Wednesday, July 31, 2013

Wisdom from Michael J Fox

"My happiness grows in direct proportion (to) my acceptance and in inverse proportion to my expectations.” --Michael J. Fox

Monday, July 29, 2013

Wisdom from SeaTac


A little "leftover" from our trip to Hawaii in April. Thought it was perfect for a Monday morning.
Pass it on...

Friday, July 26, 2013

Wisdom from Philip Shepherd

“...[H]armony requires us to change along with the whole. If you open yourself to the hum of the world—if you live in the present rather than in your idea of it—it will change you." --Philip Shepherd, author of New Self, New World, interviewed in The Sun

Thursday, July 25, 2013

Tuesday, July 23, 2013

Everybody Who is Needed

"Every time a group of people is gathered together, everybody who is needed is present." --Dale Stubbart in New Spirit Journal

Everybody who is needed is present....This is a concept I have struggled with mightily throughout my life. At most significant events in my life there was always somebody missing, or somebody who I thought "shouldn't" be there. I always had in mind the "perfect" guest list and inevitably it included someone who couldn't make it or didn't include someone who could.

As I have walked the spiritual path I have come to see the truth in this statement, but I still struggle against it sometimes.

After we came back from Japan we hosted my husband's cousin and his family at our house for a week. The timing couldn't have been better as our upstairs tenants had just moved out so we had two empty bedrooms, a bathroom and even a small kitchen to offer for their stay.

My husband's family definitely fall into the category of "the more the merrier" types. There seems to be at least one "extra" person at every family gathering and inevitably if you are hosting an event someone will call and ask, "Can I bring....my cousin/best friend/brother-in-law?"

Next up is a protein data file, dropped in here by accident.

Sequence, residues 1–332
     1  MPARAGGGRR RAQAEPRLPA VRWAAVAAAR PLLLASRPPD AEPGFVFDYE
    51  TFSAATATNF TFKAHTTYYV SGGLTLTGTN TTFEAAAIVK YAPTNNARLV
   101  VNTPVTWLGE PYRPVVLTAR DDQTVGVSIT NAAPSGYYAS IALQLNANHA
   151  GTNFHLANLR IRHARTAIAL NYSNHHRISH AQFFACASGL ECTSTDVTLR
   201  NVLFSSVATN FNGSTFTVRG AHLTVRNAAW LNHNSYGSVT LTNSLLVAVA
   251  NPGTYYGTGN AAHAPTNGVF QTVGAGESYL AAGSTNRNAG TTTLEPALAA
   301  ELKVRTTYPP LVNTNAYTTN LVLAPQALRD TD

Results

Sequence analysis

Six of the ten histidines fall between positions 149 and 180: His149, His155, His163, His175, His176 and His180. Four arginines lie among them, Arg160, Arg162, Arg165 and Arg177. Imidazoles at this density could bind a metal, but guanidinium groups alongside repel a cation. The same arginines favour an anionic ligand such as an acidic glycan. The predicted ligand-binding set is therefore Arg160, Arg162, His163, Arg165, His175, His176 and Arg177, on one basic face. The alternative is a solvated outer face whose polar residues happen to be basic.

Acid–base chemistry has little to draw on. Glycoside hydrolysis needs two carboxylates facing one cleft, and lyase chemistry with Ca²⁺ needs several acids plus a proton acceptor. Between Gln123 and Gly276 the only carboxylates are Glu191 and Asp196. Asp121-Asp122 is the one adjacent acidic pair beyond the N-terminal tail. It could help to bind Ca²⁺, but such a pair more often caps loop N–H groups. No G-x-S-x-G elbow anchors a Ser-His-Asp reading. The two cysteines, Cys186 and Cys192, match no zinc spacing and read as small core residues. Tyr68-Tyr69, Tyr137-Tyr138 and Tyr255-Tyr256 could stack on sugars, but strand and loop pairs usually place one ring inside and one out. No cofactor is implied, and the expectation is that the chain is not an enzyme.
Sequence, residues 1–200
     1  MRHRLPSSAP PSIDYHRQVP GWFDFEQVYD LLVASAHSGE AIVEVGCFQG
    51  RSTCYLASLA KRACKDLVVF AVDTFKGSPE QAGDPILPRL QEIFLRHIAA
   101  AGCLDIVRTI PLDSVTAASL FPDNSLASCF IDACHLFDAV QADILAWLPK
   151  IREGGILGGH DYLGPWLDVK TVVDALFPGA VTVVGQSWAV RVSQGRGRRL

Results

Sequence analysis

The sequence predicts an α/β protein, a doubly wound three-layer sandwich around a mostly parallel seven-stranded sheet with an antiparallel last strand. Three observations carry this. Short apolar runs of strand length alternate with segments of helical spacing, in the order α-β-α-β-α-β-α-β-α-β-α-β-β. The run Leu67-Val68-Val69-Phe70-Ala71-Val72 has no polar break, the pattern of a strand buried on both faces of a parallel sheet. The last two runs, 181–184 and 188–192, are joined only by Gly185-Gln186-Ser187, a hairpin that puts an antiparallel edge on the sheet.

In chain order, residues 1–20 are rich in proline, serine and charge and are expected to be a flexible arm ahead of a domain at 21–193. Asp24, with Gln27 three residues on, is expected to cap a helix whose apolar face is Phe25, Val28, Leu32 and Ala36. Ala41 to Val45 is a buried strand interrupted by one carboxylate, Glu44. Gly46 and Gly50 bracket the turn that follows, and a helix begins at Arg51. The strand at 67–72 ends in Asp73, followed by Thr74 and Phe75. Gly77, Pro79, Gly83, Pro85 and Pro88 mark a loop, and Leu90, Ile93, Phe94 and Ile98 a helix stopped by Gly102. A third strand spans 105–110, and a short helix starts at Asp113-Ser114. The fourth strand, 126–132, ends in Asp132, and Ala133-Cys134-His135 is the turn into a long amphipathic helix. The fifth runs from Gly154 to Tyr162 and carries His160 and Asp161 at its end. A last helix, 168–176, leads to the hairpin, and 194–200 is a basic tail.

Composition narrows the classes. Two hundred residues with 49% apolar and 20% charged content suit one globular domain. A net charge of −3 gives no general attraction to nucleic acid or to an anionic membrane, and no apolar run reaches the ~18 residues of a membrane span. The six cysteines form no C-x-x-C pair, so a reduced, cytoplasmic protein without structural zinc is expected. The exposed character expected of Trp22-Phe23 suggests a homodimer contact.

I have grown used to this over the years, but that doesn't mean it is easy for me. And it wasn't any easier this time when my husband's cousin kept inviting people over to our house. His dad's cousin came for dinner. His step brother came for a visit. He even went so far as to offer his dad's cousin a ride to the family wedding IN OUR CAR. And all of this without a word to either of us. As if he were inviting them to his house, to his dinner party, to ride is his car.

It was infuriating.

Where I come from (the mid-West) this is the height of rudeness. You would never even think it was okay to bring someone extra to a dinner party, but if you did you would certainly ask first. And you would never presume to offer some a ride, in someone else's car, without asking.

All week I struggled with this. On the one hand reminding myself that WE ARE ALL ONE and everyone's cousin really is my cousin too; on the other hand silently fuming at the complete disregard our guests were showing for me.

The thing is - and I know this - my husband's cousin wouldn't think twice if the shoe were on the other foot. I could bring my sister, my parents, my long lost best friend to his house for dinner uninvited and unannounced and he would be totally fine with it. Better than that, he would welcome them as family.

So what's the "right" thing to do?

That's where it gets tricky.

I think ultimately, of course, the right thing to do is to welcome one and all, to adopt a "more the merrier" mentality and embrace the Oneness. But I'm not there yet. People still exhaust me, they drain my energy and make me want to run for the nearest sensory deprivation chamber. Especially people I don't know who are invited into my space by someone other then me without my permission or okay.

So I need to continue to work on speaking my truth and setting good boundaries (next time this cousin visits I need to let him know how I feel and what I expect vis-a-vis "extras") and remember that in these situations that everybody who is needed is present. Whether I can see it or not.

Thursday, July 18, 2013

The Big Blue Wave

"Everything is energy..." --Daryl Anka 

At the beginning of our trip to Japan my son's teacher handed each of us a few sheets of paper stapled together. This was to be our "trip journal" and we were expected to fill it out each day, answering the questions that were posed.